Phages have been used for the control of foodborne pathogenic bacteria on chicken carcasses. A previous study demonstrated that the treatment with a phage cocktail significantly reduced the number of Listeria monocytogenes on chicken carcasses (Cufaoglu and Ayaz, 2019). Atterbury et al. reported that Campylobacter jejuni phages effectively infected C. jejuni on chicken skin at 4°C (Atterbury et al., 2003). The results in this study showed that phages effectively inhibited E. coli on chicken skin particularly at 4°C (Figures 4C, and D). For the control of bacterial contamination of food, temperatures are an important factor affecting the efficacy of phage infection (Seeley and Primrose, 1980; Tokman et al., 2016). The increased efficacy of phage infection at refrigeration temperatures is probably because low temperatures may reduce the emergence of phage-resistant bacteria due to the reduced growth rate of E. coli at 4°C compared to 25°C and the limited function of the restriction-modification systems involved in the degradation of phage DNA injected into the host (Dodds et al., 1987; Kim et al., 2012). Additionally, the temperature is a critical environmental factor that determines the viability of phages. Since phages stored at 4°C are more stable than those stored at ≥10°C (Olson et al., 2004), differential phage sensitivity at different temperatures may also affect phage infectivity at 4°C even though the phages were tested at refrigeration temperatures relatively for a short time (24 h) in this study. Regardless of the underlying molecular mechanisms, the increased lytic activity of the phage cocktail on foods (i.e., chicken) at low temperatures may enable the phages to inhibit AMR E. coli on raw chicken effectively because raw chicken products are distributed in the cold chain. Given this, the broad host range phage cocktail in this study can be used to control AMR commensal E. coli on retail chicken products. To achieve practical application of phages to food, additionally, further studies are needed to develop methods to make phages maintain their infectivity long enough in the food supply chain.
Data Availability Statement
The datasets presented in this study can be found in online repositories. The names of the repository/repositories and accession number(s) can be found below: https://www.ncbi. nlm.nih.gov/genbank/, MT740314; https://www.ncbi.nlm.nih. gov/genbank/, MT740315; https://www.ncbi.nlm.nih.gov/gen bank/, MT764206; https://www.ncbi.nlm.nih.gov/genbank/, MT764207; and https://www.ncbi.nlm.nih.gov/genbank/, MT764208.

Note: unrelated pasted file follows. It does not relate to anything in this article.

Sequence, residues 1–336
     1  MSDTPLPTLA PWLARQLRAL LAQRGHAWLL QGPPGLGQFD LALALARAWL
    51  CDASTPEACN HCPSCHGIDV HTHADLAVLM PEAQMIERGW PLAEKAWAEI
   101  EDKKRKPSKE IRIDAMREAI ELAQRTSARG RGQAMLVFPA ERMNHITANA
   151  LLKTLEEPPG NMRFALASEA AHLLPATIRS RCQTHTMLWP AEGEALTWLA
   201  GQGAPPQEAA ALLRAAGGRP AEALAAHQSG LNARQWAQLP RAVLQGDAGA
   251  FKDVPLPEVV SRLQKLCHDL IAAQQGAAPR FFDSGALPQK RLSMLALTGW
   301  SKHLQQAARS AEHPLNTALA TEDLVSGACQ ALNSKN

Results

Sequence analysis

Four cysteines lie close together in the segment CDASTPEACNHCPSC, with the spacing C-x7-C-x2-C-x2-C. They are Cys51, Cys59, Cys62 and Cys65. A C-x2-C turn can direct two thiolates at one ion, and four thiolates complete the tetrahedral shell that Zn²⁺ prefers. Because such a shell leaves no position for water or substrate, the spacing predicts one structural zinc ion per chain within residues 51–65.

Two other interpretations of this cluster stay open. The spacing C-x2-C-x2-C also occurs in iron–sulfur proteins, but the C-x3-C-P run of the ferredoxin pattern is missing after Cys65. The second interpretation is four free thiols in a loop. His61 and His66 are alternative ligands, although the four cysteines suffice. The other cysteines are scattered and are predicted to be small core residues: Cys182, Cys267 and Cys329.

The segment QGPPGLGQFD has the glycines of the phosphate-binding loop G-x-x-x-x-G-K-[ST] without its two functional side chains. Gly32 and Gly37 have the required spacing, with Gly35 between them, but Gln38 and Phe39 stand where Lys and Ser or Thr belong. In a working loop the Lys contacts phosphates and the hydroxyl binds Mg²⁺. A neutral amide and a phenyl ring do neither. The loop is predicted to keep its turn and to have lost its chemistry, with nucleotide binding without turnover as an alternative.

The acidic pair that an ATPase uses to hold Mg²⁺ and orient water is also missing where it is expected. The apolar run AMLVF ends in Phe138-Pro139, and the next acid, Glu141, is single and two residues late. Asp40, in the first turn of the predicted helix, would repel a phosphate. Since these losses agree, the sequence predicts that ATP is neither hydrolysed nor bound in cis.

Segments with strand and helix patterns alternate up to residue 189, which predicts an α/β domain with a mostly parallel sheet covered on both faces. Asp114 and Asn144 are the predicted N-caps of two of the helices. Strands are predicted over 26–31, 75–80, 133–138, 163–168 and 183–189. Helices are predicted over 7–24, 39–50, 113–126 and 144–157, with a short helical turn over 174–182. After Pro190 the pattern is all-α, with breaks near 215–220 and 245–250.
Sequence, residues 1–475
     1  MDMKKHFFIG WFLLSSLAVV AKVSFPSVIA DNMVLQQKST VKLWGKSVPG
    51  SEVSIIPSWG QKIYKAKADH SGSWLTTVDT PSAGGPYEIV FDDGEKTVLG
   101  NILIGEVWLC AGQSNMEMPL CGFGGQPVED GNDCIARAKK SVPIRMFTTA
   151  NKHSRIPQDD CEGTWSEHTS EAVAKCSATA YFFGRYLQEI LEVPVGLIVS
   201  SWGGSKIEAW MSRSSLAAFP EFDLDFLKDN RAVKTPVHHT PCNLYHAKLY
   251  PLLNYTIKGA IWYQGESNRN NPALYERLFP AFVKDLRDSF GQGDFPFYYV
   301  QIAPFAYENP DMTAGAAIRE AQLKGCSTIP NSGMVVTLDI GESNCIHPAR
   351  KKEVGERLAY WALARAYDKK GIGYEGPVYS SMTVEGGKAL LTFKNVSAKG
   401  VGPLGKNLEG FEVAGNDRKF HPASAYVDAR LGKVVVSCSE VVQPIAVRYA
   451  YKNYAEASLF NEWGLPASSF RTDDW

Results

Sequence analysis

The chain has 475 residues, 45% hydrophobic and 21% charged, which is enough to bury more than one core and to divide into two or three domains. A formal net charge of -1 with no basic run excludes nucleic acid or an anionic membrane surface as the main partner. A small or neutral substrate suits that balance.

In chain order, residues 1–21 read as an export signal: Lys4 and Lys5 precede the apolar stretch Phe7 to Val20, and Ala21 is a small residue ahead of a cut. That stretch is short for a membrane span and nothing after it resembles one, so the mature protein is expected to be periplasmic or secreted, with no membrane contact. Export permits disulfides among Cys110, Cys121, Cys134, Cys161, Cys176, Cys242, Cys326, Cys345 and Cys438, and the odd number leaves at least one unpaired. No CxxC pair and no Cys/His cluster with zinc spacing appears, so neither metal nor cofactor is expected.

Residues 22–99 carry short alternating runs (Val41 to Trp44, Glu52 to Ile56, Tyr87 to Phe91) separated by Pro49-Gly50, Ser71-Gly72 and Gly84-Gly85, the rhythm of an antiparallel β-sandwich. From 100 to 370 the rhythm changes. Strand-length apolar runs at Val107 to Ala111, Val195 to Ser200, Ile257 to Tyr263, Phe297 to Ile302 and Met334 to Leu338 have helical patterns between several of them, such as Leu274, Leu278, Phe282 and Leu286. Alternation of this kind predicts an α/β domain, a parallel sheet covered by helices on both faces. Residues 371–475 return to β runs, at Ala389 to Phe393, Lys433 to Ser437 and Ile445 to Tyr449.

JK, SR, and BJ designed the study, analyzed the data, and reviewed the manuscript. JK and HP performed the experiments. JK and BJ wrote the manuscript. All authors contributed to the article and approved the submitted version.
JK and HP were supported by the BK21 Plus Program of the Department of Agricultural Biotechnology, Seoul National University, Seoul, South Korea. BJ was supported by MnDRIVE (Minnesota’s Discovery, Research, and InnoVation Economy).
Conflict of Interest
The authors declare that the research was conducted in the absence of any commercial or financial relationships that could be construed as a potential conflict of interest.
All claims expressed in this article are solely those of the authors and do not necessarily represent those of their affiliated organizations, or those of the publisher, the editors and the reviewers. Any product that may be evaluated in this article, or claim that may be made by its manufacturer, is not guaranteed or endorsed by the publisher.
The Supplementary Material for this article can be found online at: https://www.frontiersin.org/articles/10.3389/fmicb.2021.699630/full#supplementary-material
- ^ https://cge.cbs.dtu.dk/services/ResFinder/
- ^ https://cge.cbs.dtu.dk/services/VirulenceFinder/
- ^ https://victor.dsmz.de
- ^ http://www.ncbi.nlm.nih.gov/nuccore
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Keywords: bacteriophage, cocktail, antimicrobial-resistant Escherichia coli, raw chicken, phage cocktail
Citation: Kim J, Park H, Ryu S and Jeon B (2021) Inhibition of Antimicrobial-Resistant Escherichia coli Using a Broad Host Range Phage Cocktail Targeting Various Bacterial Phylogenetic Groups. Front. Microbiol. 12:699630. doi: 10.3389/fmicb.2021.699630
Received: 23 April 2021; Accepted: 02 August 2021;
Published: 25 August 2021.
Edited by:Haifeng Zhao, South China University of Technology, China
Reviewed by:Mohamed Salah Abbassi, Tunis El Manar University, Tunisia
Piklu Roy Chowdhury, iThree Institute, Australia
Copyright © 2021 Kim, Park, Ryu and Jeon. This is an open-access article distributed under the terms of the Creative Commons Attribution License (CC BY). The use, distribution or reproduction in other forums is permitted, provided the original author(s) and the copyright owner(s) are credited and that the original publication in this journal is cited, in accordance with accepted academic practice. No use, distribution or reproduction is permitted which does not comply with these terms.